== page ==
He was playing to the political sensitivities of the issue because more than 150 million Americans currently have job-based health coverage, and many are wary of change, polls show. But Harris counterpunched by saying Biden’s plan, which would build on the existing Affordable Care Act, would still leave millions of Americans without affordable healthcare coverage.

“We will ensure that everyone has access to healthcare,” Harris said.

The challenge of satisfying progressives who want transformative change in the nation’s healthcare system and moderates anxious about losing choice has proved particularly tricky for Harris. Her vision for achieving universal healthcare went through various iterations — and some contradictions — until she unveiled a detailed plan days ago. “The senator has had several plans so far,” Biden said.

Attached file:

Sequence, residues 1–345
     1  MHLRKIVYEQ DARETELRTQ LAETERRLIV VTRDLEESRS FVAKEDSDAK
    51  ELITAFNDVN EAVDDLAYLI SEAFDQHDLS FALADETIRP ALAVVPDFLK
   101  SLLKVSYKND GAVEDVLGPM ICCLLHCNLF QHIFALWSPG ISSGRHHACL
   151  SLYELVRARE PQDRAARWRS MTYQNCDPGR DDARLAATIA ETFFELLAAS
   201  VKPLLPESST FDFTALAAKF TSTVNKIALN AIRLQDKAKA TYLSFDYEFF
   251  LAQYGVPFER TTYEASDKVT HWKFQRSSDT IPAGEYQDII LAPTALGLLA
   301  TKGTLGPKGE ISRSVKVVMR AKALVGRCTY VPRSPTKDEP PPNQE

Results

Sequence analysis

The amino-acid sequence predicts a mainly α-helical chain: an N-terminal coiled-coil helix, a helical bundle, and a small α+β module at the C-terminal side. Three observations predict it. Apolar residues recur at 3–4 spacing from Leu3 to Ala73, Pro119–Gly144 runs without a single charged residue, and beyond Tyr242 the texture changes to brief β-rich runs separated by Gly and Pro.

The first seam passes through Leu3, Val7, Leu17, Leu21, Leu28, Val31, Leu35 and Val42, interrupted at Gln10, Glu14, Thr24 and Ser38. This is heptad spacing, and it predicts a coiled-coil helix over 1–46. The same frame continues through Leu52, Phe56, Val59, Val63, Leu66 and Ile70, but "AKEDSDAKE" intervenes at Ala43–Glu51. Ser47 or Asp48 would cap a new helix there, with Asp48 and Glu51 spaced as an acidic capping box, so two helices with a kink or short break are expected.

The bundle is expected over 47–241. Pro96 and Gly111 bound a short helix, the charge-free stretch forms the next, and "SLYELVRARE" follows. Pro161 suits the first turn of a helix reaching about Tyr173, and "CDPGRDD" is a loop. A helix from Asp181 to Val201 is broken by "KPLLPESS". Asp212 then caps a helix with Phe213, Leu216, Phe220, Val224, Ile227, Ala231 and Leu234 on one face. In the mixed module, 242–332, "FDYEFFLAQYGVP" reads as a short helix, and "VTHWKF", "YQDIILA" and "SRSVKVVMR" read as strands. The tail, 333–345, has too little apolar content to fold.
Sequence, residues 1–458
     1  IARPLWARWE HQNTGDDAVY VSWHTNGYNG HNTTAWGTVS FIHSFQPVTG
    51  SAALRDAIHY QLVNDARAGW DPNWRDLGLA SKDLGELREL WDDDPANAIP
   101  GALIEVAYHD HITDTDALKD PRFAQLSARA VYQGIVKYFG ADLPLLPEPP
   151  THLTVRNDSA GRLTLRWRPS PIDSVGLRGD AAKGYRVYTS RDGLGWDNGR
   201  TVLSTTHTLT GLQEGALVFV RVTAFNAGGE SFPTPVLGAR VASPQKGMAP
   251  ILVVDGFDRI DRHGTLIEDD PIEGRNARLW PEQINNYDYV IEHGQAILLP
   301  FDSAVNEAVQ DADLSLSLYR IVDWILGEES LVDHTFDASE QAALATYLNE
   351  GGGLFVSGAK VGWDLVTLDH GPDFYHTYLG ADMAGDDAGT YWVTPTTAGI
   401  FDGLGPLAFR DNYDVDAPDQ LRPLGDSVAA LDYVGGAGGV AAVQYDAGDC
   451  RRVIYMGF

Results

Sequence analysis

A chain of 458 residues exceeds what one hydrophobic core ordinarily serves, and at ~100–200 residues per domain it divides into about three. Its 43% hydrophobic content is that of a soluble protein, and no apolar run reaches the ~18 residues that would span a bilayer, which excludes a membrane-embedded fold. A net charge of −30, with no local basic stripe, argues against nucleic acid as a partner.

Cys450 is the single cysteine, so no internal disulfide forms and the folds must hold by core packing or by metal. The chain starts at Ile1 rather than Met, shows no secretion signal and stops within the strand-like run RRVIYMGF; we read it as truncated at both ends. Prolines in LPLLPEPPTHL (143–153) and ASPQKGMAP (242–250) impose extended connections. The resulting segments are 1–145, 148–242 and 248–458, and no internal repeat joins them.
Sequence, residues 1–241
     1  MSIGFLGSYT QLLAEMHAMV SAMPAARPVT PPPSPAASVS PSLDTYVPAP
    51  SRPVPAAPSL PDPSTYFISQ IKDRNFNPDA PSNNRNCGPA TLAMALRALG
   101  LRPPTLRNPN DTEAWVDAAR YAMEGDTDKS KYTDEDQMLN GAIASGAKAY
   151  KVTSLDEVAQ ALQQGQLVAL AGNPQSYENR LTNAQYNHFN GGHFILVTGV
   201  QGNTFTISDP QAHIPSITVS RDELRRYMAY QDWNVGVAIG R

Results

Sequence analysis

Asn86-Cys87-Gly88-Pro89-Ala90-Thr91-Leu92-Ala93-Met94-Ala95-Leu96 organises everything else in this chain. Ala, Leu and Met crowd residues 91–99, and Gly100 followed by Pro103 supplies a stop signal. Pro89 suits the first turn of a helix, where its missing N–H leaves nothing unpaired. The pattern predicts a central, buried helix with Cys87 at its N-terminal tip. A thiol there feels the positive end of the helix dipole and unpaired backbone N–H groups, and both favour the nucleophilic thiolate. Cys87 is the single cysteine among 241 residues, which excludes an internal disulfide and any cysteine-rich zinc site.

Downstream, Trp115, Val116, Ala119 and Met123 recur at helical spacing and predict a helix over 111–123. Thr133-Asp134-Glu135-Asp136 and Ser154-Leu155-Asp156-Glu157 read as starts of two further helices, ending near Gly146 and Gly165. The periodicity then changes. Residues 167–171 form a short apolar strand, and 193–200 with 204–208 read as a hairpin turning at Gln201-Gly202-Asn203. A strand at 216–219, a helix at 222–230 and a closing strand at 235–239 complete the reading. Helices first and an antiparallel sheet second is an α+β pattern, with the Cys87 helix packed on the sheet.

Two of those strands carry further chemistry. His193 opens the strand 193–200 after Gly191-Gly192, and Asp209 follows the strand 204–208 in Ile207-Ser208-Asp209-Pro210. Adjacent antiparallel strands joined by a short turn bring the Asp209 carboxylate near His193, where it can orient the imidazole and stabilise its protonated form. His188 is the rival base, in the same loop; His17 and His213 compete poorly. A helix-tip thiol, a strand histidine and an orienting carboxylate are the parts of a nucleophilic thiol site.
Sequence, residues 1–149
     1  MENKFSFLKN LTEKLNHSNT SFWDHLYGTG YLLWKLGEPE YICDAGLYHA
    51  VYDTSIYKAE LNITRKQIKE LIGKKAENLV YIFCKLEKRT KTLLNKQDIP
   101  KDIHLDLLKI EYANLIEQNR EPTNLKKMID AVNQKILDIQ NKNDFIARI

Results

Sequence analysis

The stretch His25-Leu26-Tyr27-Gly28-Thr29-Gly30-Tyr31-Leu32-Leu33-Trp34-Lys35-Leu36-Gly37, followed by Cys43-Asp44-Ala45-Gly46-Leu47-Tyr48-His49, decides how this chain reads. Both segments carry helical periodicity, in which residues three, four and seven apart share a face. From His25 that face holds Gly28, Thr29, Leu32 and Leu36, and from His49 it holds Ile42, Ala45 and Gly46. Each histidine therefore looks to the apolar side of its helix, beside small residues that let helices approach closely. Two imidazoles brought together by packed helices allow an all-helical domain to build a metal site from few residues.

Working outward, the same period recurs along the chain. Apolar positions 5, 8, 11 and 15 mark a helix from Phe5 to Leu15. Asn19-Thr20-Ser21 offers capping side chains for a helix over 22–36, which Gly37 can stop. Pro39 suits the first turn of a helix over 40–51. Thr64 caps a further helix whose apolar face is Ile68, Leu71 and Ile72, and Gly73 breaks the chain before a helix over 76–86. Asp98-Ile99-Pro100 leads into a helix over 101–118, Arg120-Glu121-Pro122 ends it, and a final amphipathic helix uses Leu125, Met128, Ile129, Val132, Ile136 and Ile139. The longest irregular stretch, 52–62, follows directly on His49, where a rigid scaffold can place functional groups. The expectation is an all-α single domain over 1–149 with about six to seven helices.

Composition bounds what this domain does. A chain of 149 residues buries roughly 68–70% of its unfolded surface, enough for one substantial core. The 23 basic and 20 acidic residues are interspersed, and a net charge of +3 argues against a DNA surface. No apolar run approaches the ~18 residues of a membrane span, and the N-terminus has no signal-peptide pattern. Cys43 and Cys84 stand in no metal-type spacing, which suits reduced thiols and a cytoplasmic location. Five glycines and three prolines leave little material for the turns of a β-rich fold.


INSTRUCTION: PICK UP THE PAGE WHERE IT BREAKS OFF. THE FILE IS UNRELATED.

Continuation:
When attacked on his criminal justice record, Biden shot back with criticism of Booker’s tenure as mayor of Newark, N.J., over allegations of abuse in the city’s police department and its stop-and-frisk practices. Booker said he inherited a troubled department, but that his record compares favorably with Biden’s heavy hand in federal anti-crime policy. He said he was “shocked” that Biden wanted to compare records on the issue, and called the attacks on his Newark record ill-informed.

“There is a saying in my community,” Booker said to Biden. “You’re dipping into the Kool-Aid and you don’t even know the flavor.”

Just as Biden attacked Booker’s record in Newark to deflect attention from his own work on criminal justice issues, he turned to Harris’ past when the issue of his history with busing came up. Biden said he supported busing that was court-ordered, as well as voluntary busing, which was the type of integration effort the Berkeley school Harris attended as a child used. He argued that his position on the issue is not dissimilar to hers.

“That is simply false,” Harris said. “When Vice President Biden was in the United States Senate working with segregationists to oppose busing, which was the vehicle by which we would integrate America’s schools, had I been in the United States Senate at that time, I would have been completely on the other side of the aisle.”